IVAN KARABITS: Concertos for Orchestra – No. 1, ‘Musical Gift to Kiev’; No. 2; No. 3, ‘Lamentations’; VALENTIN SILVESTROV: Two Elegies: Elegie; Abschiedsserenade – Bournemouth Sym. Orch. /Kiril Karabits – Naxos

by | May 14, 2013 | Classical CD Reviews

IVAN KARABITS: Concertos for Orchestra – No. 1, ‘Musical Gift to Kiev’; No. 2; No. 3, ‘Lamentations’; VALENTIN SILVESTROV: Two Elegies: Elegie; Abschiedsserenade – Bournemouth Sym. Orch. /Kiril Karabits – Naxos 8.572633, 59:26 ****:

Ukrainian composer Ivan Karabits (1945-2002) became one of that country’s most important musical personalities after its independence in 1991. His music is influenced by Mahler and Shostakovich, with roots in Slavonic and Ukrainian folk music. He studied with Ukrainian composer Boris Lyatoshinsky, and went on to win so many awards that he won the title, “People’s Artist of the Ukraine.” His compositions include three symphonies, three concertos for orchestra, chamber music and film music. His son Kiril, who conducts these concertos, regularly leads major orchestras, and is in the process of recording a complete Prokofiev symphony cycle.

Concerto for Orchestra No. 1, ‘Musical Gift to Kiev,’ (1980-1) was written as a celebration for the 150th anniversary of the City of Kiev. As Kiril suggests, it’s an “ebullient orchestral concert curtain raiser.” It begins with pealing bells that announce the celebration and continues in its 12-minute-duration with rapidly changing moods and tempos, as if each segment pictures different aspects of Kiev’s landmarks and culture. It’s a vibrant, evocative work, rich in melody, colorfully orchestrated, and exciting. Concerto for Orchestra No. 2 (1986) is in three movements, but there’s so many different sections that the three movements become inconsequential. Energetic, sometimes frantic episodes are often punctuated by lyrical, short violin and woodwind respites, with percussively dissonant climaxes thrown in for good measure. Other sections include a mysterious, bleak cello solo, a harpsichord meditation and an ominous climax. Dance rhythms take over in the finale, with percussive brilliance, clapping and applause from the musicians, improvised bongos, with brief lyrical interludes. It’s a wild and theatrical work.

Concerto for Orchestra No. 3, ‘Lamentations’ was commissioned by Ukrainian-American composer Virko Bailey and premiered in Las Vegas in 1989. It was inspired by two horrific events – the 1932-33 Stalin-imposed Ukrainian agriculture production collectivism that resulted in seven million deaths from starvation – and the Chernobyl Nuclear Plant disaster of 1986. But it also is a musical depiction of “reflections of tragedies of life that are passed on from generation to generation.” Punctuated by a percussion instrument co-created by the composer and his then 13-year-old son (little bells woven into the tresses of hair that sound like “delicate chimes, symbolizing voices we hear from the past”) and a doleful solo horn, this 16 minute work in two movements is one of the most powerful evocations of horrific disasters you will ever hear. The fear, anxiety, pain and anger are brilliantly depicted in this evocative score. The haunting ending with the delicate chimes, string players gently singing a four note scale, and the conductor playing the piano is very moving.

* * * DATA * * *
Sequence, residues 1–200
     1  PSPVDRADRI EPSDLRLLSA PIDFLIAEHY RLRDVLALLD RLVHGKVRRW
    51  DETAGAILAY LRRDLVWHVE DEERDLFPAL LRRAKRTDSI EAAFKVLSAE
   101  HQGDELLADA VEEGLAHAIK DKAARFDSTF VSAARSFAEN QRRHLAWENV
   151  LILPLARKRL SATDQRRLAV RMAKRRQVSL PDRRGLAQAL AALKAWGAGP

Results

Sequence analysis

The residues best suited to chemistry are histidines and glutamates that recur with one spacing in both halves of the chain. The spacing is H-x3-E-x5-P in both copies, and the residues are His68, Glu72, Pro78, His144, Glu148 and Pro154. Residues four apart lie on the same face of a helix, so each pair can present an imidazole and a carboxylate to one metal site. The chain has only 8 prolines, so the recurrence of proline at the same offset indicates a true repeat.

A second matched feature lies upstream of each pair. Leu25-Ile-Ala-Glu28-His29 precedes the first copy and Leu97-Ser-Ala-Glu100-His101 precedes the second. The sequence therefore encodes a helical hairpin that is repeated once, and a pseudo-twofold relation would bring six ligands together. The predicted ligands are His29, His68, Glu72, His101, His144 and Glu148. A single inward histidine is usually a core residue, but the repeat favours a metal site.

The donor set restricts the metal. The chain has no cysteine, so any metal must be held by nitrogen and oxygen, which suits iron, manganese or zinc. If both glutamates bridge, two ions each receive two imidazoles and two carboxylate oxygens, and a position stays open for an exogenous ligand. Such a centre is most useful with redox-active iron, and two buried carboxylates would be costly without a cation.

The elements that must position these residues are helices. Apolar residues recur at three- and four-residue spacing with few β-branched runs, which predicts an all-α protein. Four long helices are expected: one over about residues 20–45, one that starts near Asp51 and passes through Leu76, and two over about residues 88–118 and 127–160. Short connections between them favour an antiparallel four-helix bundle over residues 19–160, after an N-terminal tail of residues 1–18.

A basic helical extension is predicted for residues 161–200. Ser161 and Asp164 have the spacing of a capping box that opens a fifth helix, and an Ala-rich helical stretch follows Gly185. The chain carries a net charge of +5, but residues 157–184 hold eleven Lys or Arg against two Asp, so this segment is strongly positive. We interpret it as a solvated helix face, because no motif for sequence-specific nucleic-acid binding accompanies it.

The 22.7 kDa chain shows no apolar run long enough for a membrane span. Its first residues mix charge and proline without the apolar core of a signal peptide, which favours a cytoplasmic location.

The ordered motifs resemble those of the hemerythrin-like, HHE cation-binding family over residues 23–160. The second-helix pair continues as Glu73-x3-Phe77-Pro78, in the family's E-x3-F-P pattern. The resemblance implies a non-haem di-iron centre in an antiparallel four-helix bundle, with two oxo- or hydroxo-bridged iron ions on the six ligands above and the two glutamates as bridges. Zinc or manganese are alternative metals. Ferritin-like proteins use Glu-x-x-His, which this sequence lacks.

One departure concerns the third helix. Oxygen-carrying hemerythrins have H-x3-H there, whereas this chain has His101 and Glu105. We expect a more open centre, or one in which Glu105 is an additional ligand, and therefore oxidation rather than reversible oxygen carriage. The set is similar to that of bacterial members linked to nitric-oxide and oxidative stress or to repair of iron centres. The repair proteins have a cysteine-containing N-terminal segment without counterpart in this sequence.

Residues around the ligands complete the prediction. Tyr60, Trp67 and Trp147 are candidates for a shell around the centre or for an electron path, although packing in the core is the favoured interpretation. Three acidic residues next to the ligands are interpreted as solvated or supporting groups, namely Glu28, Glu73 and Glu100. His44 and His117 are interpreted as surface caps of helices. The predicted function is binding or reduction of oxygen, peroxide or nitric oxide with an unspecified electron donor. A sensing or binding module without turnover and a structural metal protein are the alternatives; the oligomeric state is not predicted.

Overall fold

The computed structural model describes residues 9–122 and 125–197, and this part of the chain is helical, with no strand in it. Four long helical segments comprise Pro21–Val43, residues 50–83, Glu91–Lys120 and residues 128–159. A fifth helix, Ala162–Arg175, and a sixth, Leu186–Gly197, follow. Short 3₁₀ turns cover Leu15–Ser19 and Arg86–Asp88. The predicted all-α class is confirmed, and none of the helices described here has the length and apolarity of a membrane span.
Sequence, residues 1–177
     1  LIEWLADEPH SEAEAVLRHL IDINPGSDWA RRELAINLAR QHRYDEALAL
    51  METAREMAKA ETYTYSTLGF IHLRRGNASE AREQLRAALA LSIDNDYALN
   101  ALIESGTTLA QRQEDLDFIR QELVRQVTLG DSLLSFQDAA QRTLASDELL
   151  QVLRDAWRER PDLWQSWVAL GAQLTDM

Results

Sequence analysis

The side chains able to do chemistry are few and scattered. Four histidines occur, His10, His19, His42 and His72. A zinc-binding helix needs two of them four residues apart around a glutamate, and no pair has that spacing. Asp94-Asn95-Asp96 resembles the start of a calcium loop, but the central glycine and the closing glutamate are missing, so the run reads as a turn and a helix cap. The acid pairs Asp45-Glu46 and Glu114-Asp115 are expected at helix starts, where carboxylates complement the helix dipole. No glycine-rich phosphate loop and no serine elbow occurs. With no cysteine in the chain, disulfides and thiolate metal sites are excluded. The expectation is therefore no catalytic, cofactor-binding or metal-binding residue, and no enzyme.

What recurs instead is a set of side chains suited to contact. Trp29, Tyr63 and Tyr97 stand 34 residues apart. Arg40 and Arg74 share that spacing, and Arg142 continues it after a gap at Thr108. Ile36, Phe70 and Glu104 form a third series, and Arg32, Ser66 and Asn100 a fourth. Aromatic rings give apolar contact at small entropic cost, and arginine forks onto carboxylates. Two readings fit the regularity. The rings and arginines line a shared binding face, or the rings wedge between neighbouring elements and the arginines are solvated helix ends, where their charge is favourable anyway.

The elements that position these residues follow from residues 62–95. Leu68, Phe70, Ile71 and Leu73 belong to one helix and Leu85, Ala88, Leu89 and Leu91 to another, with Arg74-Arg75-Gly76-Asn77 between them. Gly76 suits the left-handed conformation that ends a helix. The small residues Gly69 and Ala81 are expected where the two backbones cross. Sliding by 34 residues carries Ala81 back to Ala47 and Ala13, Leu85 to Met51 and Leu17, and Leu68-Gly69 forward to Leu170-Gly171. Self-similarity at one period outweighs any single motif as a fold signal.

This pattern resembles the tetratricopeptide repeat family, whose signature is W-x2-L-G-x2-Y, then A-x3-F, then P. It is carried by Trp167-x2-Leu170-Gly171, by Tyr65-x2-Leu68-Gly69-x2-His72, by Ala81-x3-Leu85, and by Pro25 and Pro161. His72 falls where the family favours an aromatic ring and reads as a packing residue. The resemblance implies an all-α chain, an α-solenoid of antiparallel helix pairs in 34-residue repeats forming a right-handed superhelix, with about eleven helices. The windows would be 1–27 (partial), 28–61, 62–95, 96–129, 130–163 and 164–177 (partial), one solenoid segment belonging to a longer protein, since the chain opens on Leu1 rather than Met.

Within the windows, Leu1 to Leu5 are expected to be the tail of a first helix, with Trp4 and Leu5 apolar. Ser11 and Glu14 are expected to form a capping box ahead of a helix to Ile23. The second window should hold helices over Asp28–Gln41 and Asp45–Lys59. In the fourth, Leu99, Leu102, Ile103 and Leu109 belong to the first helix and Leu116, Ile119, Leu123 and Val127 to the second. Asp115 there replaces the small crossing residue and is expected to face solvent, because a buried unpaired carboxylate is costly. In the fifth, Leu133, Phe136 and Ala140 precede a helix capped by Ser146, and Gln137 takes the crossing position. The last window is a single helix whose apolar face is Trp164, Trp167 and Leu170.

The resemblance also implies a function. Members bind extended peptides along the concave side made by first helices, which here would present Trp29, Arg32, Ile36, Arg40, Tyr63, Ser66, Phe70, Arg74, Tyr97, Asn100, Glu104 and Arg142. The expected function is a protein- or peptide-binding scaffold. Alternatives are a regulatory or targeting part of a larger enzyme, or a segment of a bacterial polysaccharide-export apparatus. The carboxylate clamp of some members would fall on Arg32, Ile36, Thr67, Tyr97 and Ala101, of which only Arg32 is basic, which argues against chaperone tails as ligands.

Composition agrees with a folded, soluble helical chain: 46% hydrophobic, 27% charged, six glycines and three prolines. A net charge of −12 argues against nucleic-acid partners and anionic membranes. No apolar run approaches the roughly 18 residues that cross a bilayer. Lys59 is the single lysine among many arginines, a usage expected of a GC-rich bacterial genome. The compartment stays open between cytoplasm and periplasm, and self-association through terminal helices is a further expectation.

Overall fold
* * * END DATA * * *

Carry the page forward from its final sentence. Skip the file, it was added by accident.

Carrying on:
The CD ends with two elegies by Karabits’ Eastern European colleague, composer Valentin Silvestrov (b. 1937). His serial compositions in the nineteen sixties resulted in exclusion from the Russian Composers Union. He won the Koussevitzky Prize in 1967 for his Third Symphony, and started writing tonal compositions in the 1970s. He’s known for his comment, “I do not write new music. My music is a response to and an echo of what already exists.” When Ivan Karabits died in 2002, Silvestrov borrowed his sketches for a work about the 18th century philosopher, Grigory Skovorda and added his own ideas to create Elegy (2002). It is a striking work for strings, heartfelt, pensive and appropriately mournful. Abschiedsserenade (2003) is also dedicated to Karabit’s memory, written for strings but more melodious and beautiful rather than doleful.

Kiril Karabits conducts his father’s compositions with gusto and warmth. This is a CD for those wishing to experience unfamiliar repertoire in the late Romantic/modern idiom.

—Robert Moon

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